Lyle's in London - 'The juices are so good that we drink them from the bowl'
Lyle's, Tea Building, 56 Shoreditch High Street, London E1 6JJ. 00 44 203 011 5911
Published 26/06/2016 | 02:30
Two weeks ago, the World's Best 50 Restaurants list for 2016 was announced. There had been some speculation that the choice of New York as the location for the big reveal might be a hint that Daniel Humm and Eleven Madison Park were in line for the nod but, in the end, the coveted No 1 slot went to Massimo Bottura of Osteria Francescana in Modena. Last year, Bottura came second, and before that he was third, two years running.
These days, the World's Best 50 list is as eagerly awaited and parsed over as the Michelin Guide, although both have their critics. While Michelin is viewed in some quarters as frumpy and out of touch, inexplicably failing to award stars where they are due (remember all that fuss when Mickael Viljanen of The Greenhouse didn't get a star in 2014?) and capricious in taking them away (as happened to Kevin Thornton of Thornton's last year), the 50 Best list is criticised for the lack of transparency in its voting system, the fact that judges don't have to prove that they have eaten in the restaurants that they say they have, and the worrisome fact that not one of the restaurants in the top 50 is headed up by a woman chef.
Despite this, the 50 Best list has many fans, gastro-tourists who plan their holidays and business trips around ticking off as many restaurants on the list as possible. There are currently no Irish restaurants on the list, neither in the top 50 nor the top 100. It's nigh on impossible to get a table at many of the establishments in the upper reaches of the list without booking months in advance or participating in some ridiculous application process, and when you get there the prices are likely to be so eye-watering that they may put you off your food. The restaurants ranked 51-100 tend to be more accessible, both in terms of how easy it is to get a table and how seriously they take themselves, and more reasonably priced. Lyle's in London's Shoreditch made the list for the first time this year, coming in at joint No 65, two years after it first opened.
Shoreditch is of course the epi-centre of trendy East London (I'm trying and finding it hard to avoid using the 'h' word here). And while it's unlovely in many respects (hideous buildings, ceaseless traffic etc), there are great shops and restaurants, so it's a part of London worth spending an afternoon in, just mooching around. The head chef at Lyle's is James Lowe, who used to run the kitchen at St John Bread & Wine for Fergus Henderson, and there are similarities between the rooms in both establishments. At Lyle's, the mainly white interior is pared back without being sterile, with an open kitchen in which the chefs are working calmly, with time for a bit of banter as they chop and pick.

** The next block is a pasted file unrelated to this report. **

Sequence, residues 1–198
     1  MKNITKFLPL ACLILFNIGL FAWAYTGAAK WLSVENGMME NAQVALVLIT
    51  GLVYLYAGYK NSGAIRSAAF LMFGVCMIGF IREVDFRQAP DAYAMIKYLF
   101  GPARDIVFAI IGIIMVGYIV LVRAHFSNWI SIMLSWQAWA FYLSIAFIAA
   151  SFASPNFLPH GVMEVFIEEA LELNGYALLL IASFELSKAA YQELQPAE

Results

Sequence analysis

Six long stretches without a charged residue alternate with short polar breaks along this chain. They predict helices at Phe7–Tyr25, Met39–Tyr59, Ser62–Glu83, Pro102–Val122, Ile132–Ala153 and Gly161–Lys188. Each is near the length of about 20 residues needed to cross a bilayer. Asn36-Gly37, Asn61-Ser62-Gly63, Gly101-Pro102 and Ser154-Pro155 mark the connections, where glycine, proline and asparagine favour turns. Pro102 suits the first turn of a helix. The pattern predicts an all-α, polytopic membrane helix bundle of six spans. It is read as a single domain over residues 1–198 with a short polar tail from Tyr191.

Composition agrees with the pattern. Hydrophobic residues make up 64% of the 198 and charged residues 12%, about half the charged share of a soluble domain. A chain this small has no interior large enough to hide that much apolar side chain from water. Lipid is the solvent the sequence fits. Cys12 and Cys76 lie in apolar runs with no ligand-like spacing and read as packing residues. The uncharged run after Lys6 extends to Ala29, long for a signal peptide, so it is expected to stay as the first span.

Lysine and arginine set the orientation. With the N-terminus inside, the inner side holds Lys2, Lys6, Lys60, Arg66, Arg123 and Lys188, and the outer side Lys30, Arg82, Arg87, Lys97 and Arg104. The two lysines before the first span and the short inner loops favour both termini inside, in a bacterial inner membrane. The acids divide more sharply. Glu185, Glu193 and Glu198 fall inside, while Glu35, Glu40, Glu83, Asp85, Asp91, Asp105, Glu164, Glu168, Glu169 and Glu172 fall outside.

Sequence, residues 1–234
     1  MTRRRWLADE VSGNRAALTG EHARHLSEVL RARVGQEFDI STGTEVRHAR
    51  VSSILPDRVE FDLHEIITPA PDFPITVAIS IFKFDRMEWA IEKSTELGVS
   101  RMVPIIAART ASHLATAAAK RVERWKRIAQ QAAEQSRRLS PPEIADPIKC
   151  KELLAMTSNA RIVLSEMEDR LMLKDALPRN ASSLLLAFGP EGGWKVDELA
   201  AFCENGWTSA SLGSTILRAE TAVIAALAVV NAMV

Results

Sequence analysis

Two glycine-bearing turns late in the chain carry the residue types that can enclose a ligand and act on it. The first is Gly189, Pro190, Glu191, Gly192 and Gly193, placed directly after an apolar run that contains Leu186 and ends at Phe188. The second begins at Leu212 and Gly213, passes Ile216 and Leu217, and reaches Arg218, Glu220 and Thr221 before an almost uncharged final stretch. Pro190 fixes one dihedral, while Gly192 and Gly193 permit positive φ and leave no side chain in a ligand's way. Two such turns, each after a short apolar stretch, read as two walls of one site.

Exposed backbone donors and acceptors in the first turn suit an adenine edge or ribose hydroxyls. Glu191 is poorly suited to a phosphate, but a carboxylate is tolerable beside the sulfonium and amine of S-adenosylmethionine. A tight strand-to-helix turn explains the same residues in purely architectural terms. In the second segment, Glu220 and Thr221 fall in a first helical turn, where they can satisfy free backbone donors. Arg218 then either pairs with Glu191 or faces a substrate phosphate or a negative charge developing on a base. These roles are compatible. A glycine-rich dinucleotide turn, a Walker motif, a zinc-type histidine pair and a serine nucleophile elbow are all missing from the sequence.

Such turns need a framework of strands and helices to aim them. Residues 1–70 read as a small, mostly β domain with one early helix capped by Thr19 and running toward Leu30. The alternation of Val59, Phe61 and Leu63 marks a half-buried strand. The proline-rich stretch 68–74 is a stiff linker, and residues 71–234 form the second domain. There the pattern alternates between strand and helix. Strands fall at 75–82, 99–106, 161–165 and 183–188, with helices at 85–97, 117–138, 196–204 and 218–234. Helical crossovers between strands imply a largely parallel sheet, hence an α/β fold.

On a Wednesday lunchtime, the restaurant is busy without being full and the other customers are a stylish bunch, with plenty of topiaried facial hair. The staff are friendly rather than snooty; charging a phone behind the bar isn't a problem.
The daytime menu offers a selection of eight small plates and two larger ones, plus three desserts and cheese. In the evening there's a set, no-choice menu with a vegetarian version available. The dishes are described in that terse way with which we are all familiar now - a list of the principal ingredients without any explanation as to how they are prepared.
Mussels & Seabeet is our favourite, the molluscs cooked first on the char-grill before being doused in smoked butter and combined with the succulent green leaves. The juices are so good that we drink them from the bowl. Smoked Eel, Beetroot & Horseradish is another gem, with ample mopping liquid for the tangy sourdough bread, while Asparagus, Lardo & Walnuts is a happy combination of still-firm stalks of asparagus draped with almost-melting fine slivers of cured piggy back-fat set off by the piquancy of pickled walnuts. Peas, Broadbeans & Ticklemore is a joyous bowl of freshly podded early summer crammed with mint and covered with shavings of the semi-hard goat's cheese from Devon. Our choice of large plate is Dexter Flank, Treviso & Anchovy, the anchovy emulsion squeezed between the leaves of the charred treviso to delicious effect, the sliced steak full of flavour. Caramel ice-cream with espresso meringue is simple and lovely, as are the Neal's Yard cheeses - a creamy Colston Bassett stilton, and Cardo, a semi-soft unpasteurised goat's cheese from Somerset. With a bottle of German spatburgunder and coffees, our bill comes to just over £130 (€168), including service. It's advisable to book, but there was room for walk-ins.
ON A BUDGET
You could, as the young man on the adjacent table opted to do, order a single small plate and drink tap water. Salad leaves with Berkswell cheese is £7.30 (€9.50), but it would be a pity not to try a few more dishes.
ON A BLOW OUT
Lyle’s serves a set menu in the evenings, priced at £44 (€57) for four courses. This changes each day, and cheese from Neal’s Yard is an additional £9.50 (€12) as, of course, is wine.
THE HIGH POINT
Vibrant dishes that sang of early summer.
THE LOW POINT
Shoreditch isn’t on the tube, so it’s taxi, bus or overground train.
8/10 value for money
Whispers from the gastronomicon
Chef Gareth Smith’s rustic-Italian-with- a-twist food impressed at Michael’s in Mount Merrion earlier this year, so I’m looking forward to trying out his take on gastro-pub fare at the newly re-opened Clonskeagh House, which has had a smart refurbishment. All the usual pub grub staples are on the menu, and the menu will expand over the coming months. Granny’s Sunday Dinners are going to be a regular feature, and there will be hog-roasts outside in the garden over the summer months. clonskeaghhouse.ie